A blank "canvas," the Canvas Community Art Studio & Gallery is a gathering place for students, artists and locals to celebrate art expression through various mediums. Tucked on the corner of 223 Seward St. in downtown Juneau, passerbys peep through windows, watching students form handmade pottery or work on watercolor techniques.
On June 1, a new exhibit by Plein Rein will be open for public viewing.
A unique conjunction, it's a community art center and day habilitation program for REACH, an independent, non-profit organization serving people who experience disabilities, as well as a resource for artists.
"REACH has this driving mission to include people with disabilities in the community. Communication is challenging, art is a different way of communicating and it's less challenging," said director Annie Geselle.
We get something so amazing from people when they are able to express it through art", Geselle said.
"The whole purpose is to break down the barriers and say, 'look what these people can do,'"she said.
Founded in June 2006, the Canvas also provides classes in visual, literary, pottery and music for all skill levels; business skills and technical classes for artists; visual art exhibitions, poetry readings and events; slide lectures and workshops. It houses a large open visual arts studio and formal gallery with small performance capabilities.
Artists in town have wanted to open a art center for a long time, but had no space, she said. Geselle had a space, but no artists; the Canvas is a perfect location.
"We wanted to bridge the gap. There's no reason why community can't come," she said.
The Canvas has been busy, with the phone ringing constantly. It proves the need Juneau has for this, Geselle said.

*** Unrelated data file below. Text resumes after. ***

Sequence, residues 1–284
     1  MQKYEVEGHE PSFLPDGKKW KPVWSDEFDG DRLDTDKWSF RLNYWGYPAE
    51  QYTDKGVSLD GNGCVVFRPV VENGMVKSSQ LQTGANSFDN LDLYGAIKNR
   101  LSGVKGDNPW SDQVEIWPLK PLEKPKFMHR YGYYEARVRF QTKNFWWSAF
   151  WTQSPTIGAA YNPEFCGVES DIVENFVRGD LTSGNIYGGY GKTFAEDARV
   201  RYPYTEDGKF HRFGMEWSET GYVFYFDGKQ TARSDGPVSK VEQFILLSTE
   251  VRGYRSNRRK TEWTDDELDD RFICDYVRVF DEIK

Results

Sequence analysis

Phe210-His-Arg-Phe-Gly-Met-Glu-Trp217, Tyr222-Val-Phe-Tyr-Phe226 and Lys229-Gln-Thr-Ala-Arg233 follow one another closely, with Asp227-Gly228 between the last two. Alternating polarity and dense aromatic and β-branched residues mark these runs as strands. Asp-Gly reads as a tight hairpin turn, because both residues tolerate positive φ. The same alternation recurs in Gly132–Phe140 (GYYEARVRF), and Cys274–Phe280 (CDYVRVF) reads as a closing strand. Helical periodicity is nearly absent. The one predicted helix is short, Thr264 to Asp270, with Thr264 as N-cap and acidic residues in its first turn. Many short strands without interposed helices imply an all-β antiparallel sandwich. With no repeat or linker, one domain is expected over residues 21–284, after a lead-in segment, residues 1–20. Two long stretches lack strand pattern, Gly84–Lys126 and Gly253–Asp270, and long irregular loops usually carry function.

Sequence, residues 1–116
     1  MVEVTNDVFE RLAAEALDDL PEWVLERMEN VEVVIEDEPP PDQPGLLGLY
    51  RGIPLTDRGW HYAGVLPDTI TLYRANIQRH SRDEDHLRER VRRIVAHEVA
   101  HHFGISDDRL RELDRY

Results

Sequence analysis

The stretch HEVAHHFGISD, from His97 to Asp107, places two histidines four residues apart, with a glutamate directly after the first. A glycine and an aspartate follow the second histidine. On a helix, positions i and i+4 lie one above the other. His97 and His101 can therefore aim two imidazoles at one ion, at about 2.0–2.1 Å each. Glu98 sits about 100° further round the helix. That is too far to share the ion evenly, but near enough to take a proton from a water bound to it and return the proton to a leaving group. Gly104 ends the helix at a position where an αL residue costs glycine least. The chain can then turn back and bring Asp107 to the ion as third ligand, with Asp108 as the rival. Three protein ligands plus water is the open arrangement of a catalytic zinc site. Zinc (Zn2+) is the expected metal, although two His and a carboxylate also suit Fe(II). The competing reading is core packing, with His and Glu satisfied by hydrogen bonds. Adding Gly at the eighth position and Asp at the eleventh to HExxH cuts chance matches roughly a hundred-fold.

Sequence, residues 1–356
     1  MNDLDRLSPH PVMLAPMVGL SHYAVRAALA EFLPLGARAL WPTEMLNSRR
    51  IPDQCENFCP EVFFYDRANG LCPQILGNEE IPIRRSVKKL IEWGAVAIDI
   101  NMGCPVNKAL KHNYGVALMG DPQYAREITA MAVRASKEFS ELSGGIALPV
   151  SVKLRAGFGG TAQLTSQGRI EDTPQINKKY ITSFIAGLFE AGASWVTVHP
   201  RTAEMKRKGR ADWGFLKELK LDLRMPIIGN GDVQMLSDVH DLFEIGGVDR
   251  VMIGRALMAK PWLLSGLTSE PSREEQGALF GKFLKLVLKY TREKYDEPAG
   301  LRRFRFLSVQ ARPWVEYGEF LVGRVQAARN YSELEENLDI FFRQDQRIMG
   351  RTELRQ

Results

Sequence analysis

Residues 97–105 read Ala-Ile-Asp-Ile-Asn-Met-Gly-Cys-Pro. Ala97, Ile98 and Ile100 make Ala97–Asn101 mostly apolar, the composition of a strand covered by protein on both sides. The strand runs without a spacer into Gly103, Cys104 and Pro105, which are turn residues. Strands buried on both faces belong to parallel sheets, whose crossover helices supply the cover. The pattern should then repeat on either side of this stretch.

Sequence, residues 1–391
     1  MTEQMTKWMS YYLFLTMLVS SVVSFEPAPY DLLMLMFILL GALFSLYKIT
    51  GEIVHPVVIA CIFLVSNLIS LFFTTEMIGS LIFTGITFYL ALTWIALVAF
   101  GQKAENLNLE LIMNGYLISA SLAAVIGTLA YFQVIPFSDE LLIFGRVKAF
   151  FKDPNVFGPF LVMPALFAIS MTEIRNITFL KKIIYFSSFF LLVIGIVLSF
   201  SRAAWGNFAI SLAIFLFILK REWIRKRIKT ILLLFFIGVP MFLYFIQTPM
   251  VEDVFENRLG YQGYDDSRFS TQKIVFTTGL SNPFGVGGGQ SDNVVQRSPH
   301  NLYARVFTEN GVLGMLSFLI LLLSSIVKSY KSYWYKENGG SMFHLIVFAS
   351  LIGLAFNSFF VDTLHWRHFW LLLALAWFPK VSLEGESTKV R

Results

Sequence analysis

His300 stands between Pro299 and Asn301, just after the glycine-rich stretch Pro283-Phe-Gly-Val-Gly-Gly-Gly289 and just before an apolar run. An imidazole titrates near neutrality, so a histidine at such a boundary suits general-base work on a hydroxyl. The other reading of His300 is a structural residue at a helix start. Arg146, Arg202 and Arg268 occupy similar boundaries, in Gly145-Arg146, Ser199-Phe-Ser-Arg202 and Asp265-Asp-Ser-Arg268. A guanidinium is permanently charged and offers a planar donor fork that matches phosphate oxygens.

Artists not only use studio space, they perform as well. They've had events ranging from a John Leo's clown show to salsa dancing with Heather and Antonio.
In June anyone can take classes such as Expressive Oil Painting with Kylie Manning or even on eclectic topic Turntable Mechanics with DJ Astronomar.
"There are different levels; they might not be for everybody but there might be something for everybody," Geselle said concerning community classes.
The Canvas is working toward several goals include memberships, a community pottery shop and café. Eventual purchases include a kiln and modern pottery wheels.
They hope to host "coffee-house" concerts with seating and local live folk music.
While the café will serve its purpose, REACH clients will also work in the kitchen and learn job skills.
They hope to begin projects in July and have their grand opening by the fall. A matter of getting enough funding and donations; they're currently applying for grants.
"We hope this will be a model for other places, including art with social services," Geselle said.
Classes are normally around two hours with 10 students. Teachers range from volunteers to paid professionals.
David Thomas, a Direct Service Professional, is one of the first teachers brought on board at the Canvas.
"I'm a teacher who prefers this kind of classroom. For me, it a treat just be teaching here," he said. "I'm waiting to see (Governor) Sarah Palin come pay us a visit and see what's going on in our backyard," Thomas said. "I love it here-it's so much fun. It's changed by perspective of art," said Jesuit volunteer Jeanette Myers.
Whether it's learning, participating or viewing-art and community finds a home at the Canvas.